Buscar en
Journal of Applied Research and Technology. JART
Toda la web
Inicio Journal of Applied Research and Technology. JART Numerical Study of Diodicity Mechanism in Different Tesla-Type Microvalves
Journal Information
Vol. 11. Issue 6.
Pages 876-885 (December 2013)
Share
Share
Download PDF
More article options
Visits
3691
Vol. 11. Issue 6.
Pages 876-885 (December 2013)
Open Access
Numerical Study of Diodicity Mechanism in Different Tesla-Type Microvalves
Visits
...
A.Y. Nobakht1
1 Department of Mechanical Engineering, Urmia University, Urmia, Iran.
M. Shahsavan2
2 Department of Mechanical Engineering, Sharif University of Technology, Tehran, Iran
A. Paykani3
3 Department of Mechanical Engineering, Parand Branch, Islamic Azad University, Parand, Iran
Article information
Abstract
Full Text
Bibliography
Download PDF
Statistics
Figures (28)
Show moreShow less
Tables (3)
Table 1. Diodicity for T45A microvalve at different conditions
Table 2. Diodicity for T45C microvalve at different conditions
Table 3. Diodicity for T45CDeep microvalve at different conditions
Show moreShow less
Abstract

Microvalve is one of the most important components in microfluidic systems and micropumps. In this paper, three-dimensional incompressible flow through a Tesla-type microvalve is simulated using FLUENT computational fluid dynamic package. The flow is laminar and SIMPLE algorithm is used. The second-order upwind method is implemented for discretizing convective terms. The diodicity mechanism is investigated in detail for three different microvalves. Effect of several series Tesla-type microvalves on diodicity is also studied. The numerical analyses reveal that the mechanism of diodicity occurs at the T-junction and side channel. If inlet and outlet channels are eliminated, diodicity can be increased by 2. Pressure field analysis shows that the pressure drop is much severe at the junction of the reverse flow compared to the forward flow. The obtained numerical results are compared with those of experimental and a good agreement between them is noticed.

Keywords:
Tesla microvalve
diodicity
pressure field
velocity field
Nomenclature
Dh

valve hydraulic diameter

Di

valve diodicity

L

characteristics length

p

pressure

Δpforward

pressure drop of forward flow

Δpreverse

pressure drop of reverse flow

Δpind

pressure drop independent of direction

r→

position vector

Re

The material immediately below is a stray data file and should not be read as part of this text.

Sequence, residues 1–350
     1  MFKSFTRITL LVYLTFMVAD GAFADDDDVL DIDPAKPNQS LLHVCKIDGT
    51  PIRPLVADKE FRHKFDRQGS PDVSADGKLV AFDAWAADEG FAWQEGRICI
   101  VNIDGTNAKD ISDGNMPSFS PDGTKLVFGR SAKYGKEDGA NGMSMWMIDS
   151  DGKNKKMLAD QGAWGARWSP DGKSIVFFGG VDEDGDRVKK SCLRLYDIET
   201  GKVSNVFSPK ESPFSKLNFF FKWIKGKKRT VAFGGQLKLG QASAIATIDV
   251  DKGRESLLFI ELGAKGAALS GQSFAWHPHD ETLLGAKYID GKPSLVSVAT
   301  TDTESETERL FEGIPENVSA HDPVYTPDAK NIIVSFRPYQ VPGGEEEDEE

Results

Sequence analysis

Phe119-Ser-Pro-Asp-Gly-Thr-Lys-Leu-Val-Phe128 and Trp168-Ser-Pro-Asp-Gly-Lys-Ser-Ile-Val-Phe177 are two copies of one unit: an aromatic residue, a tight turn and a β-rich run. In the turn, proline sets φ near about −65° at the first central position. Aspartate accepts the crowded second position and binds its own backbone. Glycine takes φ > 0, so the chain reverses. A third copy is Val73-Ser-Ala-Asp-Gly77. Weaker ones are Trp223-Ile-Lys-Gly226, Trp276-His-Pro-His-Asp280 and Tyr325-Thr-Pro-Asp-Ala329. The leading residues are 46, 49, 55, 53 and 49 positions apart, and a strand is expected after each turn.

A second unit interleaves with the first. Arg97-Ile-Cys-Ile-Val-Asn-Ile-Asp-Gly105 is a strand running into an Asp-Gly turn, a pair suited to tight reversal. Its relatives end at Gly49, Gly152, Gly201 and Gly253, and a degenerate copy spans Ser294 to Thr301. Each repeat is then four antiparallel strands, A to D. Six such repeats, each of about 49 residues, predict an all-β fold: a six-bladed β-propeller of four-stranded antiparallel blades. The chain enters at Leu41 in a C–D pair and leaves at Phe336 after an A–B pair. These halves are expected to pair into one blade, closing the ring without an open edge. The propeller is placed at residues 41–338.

Reynolds number

u→

velocity

U

characteristic velocity of valve

μ

Dynamic viscosity

ρ

density

Full Text
1Introduction

MEMS (Micro-Electro-Mechanical Systems) devices often contain microfluidic systems that are designed to move very small quantities of fluid, such as microliters or even nanoliters, within the device. A micropump is one of the main devices in this field, which can generate flow in the range of milliliters to microliters. Today, a number of potential applications for micropumps are still being investigated, involving in drug delivery, biological detection, clinical analysis in medicine, cardiology system, etc. Microvalves can be classified into active microvalves, using mechanical and nonmechanical moving parts, and passive microvalves, using mechanical and non-mechanical moving parts [1]. Mechanical active microvalves employ the mechanically movable MEMS-based membranes which are coupled to magnetic [2], electric [3], piezoelectric [4] or thermal [5] actuation methods. The actuation principles of active microvalves with non-mechanical moving parts (NMP) are based on electrochemical [6], phase change [7], and rheological materials [8]. Non-mechanical passive microvalves (fixed microvalves) involve no mechanical moving parts and provide the possibility to build the so-called valveless micropumps. Two main types of fixed microvalves have been used in valveless micro- pumps which are microdiffusers and Tesla microvalves [9–10].

Using of microvalves results in increased performance, efficiency, reliability and reduced size and cost of the equipments. The first microvalve was introduced by Terry in 1978 [11]. The first commercial production started in 1990 and various types have been designed for different purposes up to now. One of the important applications of them is in heat control of electronic components at space equipments, such as micro-satellite [12]. Calibration, testing, measurement of volumes in micro-scale, mixing of microfluidic, etc. are other applications of microvalves [11–13–14]. In addition, microvalves are also used in medical applications. For example, they are used in the treatment of hydrocephalus. This system is located in the brain and causes the diversion of cerebrospinal fluid and may relieve symptoms [15–16].